The Babylonians noticed that the position of a shadow changes during the day. So, they fixed a pole in a sunny place and observed its shadow as it moved.The shadow, they discovered, was long at sunrise and gradually got shorter and shorter until it reached a certain point when it began to lengthen again. At sunset the shadow was as long as at sunrise and at noon it was the shortest.
Similarly, the Indians who were studying the movements of the sun, the moon and other planets, developed several simple astronomical instruments like the gnomon, staff, arc, wheel and the armillary sphere.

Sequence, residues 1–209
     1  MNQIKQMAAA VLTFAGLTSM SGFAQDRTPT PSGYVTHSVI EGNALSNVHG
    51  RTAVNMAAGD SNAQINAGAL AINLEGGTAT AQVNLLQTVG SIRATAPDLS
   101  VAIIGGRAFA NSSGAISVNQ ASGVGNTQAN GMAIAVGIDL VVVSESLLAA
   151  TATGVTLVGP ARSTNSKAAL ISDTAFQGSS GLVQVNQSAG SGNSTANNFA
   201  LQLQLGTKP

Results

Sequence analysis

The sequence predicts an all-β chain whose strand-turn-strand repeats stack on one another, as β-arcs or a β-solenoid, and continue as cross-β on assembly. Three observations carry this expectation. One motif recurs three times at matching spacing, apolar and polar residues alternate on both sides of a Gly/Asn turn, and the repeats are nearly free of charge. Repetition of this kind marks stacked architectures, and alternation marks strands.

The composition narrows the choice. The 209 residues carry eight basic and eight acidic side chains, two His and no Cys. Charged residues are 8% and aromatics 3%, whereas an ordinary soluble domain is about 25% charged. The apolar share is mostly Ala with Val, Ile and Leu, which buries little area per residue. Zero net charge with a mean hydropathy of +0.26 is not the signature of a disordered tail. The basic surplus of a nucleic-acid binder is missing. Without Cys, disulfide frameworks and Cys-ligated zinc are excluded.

They cast the almanac, that is, a calendar listing the days, weeks and months of the year, calculated on the basis of the movements of the sun, moon and other heavenly bodies.
Even as early societies measured the year, the month and the day, they felt the need for devices that would monitor and indicate time precisely. Gradually, one development led to another and, as with most things scientific, literary or religious, it was an exchange of ideas and achievements between India on the one hand and West Asia and the Mediterranean world on the other that produced the so called ‘first’ clocks.